By David Minsky
By Jen Mangham
By Bill Wisser
By Laine Doss
By Bill Wisser
By Dana De Greff
By Laine Doss
By Zachary Fagenson
Cindy Pawlcyn, one of my favorite chefs in the Napa Valley, made that statement, and it's God's own truth.
Of course, in our little town, that's like shouting "Long live Fidel!" from atop the Freedom Tower. Too many local restaurateurs believe the first duty of food is to relieve sun- and booze-addled tourists of as much moolah as humanly possible. Or to cram a culinary United Nations on a twelve-inch display plate, or empty out a giant Sysco truck, or prove the chef isn't bound by trivial conventions such as flavor, freshness, and common sense.
All of which is why Alta Mar, an exceedingly modest Lincoln Road restaurant on the wrong side of the Alton Road tracks, is as thoroughly delightful as it is anomalistic. If you're looking for progressive décor, or food so cutting-edge it will slice and dice your taste buds, or the kind of "scene" that has made South Beach synonymous with "idiots behaving idiotically," then you're going to want to skip this place.
On the other hand, if you're hungry for Italian-influenced seafood that's exquisitely fresh, simply prepared, and really, really delicious, then your first duty is to squeeze into Alta Mar's cramped, tiny dining room and see what all of those other people have been missing.
What they've been missing is some of the best frito misto on the planet. It's light, delicate even. Diminutive rings and tentacles of calamari, bits of fish, and plump little shrimp are given a gossamer dusting of flour and then fried crisp and golden in oil as new as a just-born baby. Even the calamari typically Italian for "fish-flavor rubber bands" almost melts in your mouth. Instead of the usual heavy mayonnaise, it comes with a sprightly marinara every bit as delicate as the seafood.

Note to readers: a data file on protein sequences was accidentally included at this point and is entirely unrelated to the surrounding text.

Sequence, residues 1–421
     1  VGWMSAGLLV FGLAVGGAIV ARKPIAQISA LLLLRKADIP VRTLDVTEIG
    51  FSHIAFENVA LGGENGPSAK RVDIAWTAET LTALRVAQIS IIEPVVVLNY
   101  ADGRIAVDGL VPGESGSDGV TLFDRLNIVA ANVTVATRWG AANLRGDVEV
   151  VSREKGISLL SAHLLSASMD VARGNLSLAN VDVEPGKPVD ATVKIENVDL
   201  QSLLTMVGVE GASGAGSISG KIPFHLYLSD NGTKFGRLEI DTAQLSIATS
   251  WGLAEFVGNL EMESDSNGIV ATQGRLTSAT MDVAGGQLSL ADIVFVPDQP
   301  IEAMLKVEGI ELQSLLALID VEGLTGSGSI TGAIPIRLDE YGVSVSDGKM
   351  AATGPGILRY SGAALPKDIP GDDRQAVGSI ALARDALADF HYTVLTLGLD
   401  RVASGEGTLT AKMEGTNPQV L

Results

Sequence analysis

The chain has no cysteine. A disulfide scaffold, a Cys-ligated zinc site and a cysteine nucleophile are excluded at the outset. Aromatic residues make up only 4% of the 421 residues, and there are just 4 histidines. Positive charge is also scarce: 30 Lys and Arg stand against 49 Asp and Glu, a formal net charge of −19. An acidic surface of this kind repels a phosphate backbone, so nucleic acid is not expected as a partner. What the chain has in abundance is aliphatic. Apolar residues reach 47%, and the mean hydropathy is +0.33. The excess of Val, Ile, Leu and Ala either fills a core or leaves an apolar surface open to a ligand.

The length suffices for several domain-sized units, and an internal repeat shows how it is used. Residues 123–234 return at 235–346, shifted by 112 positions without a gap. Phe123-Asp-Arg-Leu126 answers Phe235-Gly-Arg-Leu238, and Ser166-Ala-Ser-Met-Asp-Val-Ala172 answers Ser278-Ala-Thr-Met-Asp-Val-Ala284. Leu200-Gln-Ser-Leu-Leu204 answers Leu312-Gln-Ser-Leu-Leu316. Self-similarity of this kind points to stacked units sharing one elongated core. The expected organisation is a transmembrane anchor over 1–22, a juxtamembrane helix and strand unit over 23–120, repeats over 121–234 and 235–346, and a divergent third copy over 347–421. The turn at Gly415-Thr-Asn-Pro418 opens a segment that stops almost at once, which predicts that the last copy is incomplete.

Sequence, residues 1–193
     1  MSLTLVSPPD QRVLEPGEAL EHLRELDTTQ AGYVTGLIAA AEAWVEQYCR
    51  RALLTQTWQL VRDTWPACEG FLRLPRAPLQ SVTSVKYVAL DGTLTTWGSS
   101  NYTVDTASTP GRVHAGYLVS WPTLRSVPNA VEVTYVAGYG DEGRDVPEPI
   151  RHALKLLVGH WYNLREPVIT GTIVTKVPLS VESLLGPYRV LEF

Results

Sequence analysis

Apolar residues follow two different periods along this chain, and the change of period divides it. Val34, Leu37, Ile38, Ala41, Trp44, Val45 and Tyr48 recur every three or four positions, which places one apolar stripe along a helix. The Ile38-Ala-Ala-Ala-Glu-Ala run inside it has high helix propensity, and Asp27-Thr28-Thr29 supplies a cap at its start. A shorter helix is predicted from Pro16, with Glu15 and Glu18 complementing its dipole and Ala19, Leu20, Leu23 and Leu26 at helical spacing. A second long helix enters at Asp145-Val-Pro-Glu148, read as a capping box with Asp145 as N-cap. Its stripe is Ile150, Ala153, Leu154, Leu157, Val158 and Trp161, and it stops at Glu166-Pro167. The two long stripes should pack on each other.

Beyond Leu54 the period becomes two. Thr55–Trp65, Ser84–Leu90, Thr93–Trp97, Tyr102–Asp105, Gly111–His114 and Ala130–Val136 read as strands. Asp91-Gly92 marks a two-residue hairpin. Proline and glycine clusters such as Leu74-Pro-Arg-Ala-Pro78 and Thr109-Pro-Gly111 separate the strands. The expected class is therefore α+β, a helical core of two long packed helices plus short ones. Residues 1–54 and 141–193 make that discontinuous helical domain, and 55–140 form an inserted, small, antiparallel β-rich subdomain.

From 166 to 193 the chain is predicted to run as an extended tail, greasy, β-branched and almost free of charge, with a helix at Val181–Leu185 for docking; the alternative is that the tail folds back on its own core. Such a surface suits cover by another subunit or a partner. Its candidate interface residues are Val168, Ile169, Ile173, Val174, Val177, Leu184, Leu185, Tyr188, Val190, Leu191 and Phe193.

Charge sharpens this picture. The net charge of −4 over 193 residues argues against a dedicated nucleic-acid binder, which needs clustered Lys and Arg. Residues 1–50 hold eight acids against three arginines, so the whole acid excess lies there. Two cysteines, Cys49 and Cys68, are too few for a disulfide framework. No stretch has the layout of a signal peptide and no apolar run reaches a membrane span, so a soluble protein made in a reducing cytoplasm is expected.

A sort of nouveau shrimp cocktail brings a quartet of fist-size, heads-on shrimp redolent of Old Bay seasoning together with mango-pineapple salsa. The dish might sound like something on the menu of every restaurant from Pensacola to Key West, but the sea-sweet freshness of the shrimp combined with the assertive punch of the Old Bay and tropical lusciousness of the salsa makes it taste like anything but.
With it drink a versatile Italian wine off the user-friendly list; perhaps the 2005 Cerreto Arneis Blange, whose mild citrus flavors and slight effervescence make it gentle enough to complement delicate dishes and zippy enough to stand up to heavier ones.
Alta Mar's small but serviceable menu offers several palatable entrées, but the kitchen's heart is really in its daily specials. A swordfish special arrives as two thick, meaty, perfectly grilled steaks dabbed with a pungent relish of sun-dried tomatoes, olives, and capers that enhances the fish's rich flavor and meaty texture. Smooth, creamy mashed potatoes and a mix of sautéed vegetables reflect just as much care and attentiveness.
Linguine with Florida lobster and lobster sauce is admirable, too, even though the stingy amount of the main ingredient is inexcusable. The ubiquitous cream sauce infused with lobster is an elegant tomato sauce perked up by an intensely flavorful lobster base, making it kind to both expanding waistlines and palates wilting in Miami's brutal summer heat and humidity.
Ubiquity, however, never tasted so good as Alta Mar's tiramisu, a huge square of everyone's favorite Italian dessert finished with mocha crme anglaise and sweet, crunchy amaretto cookies a dish that, like everything else at this engaging little eatery, fulfills its first duty thoroughly and deliciously.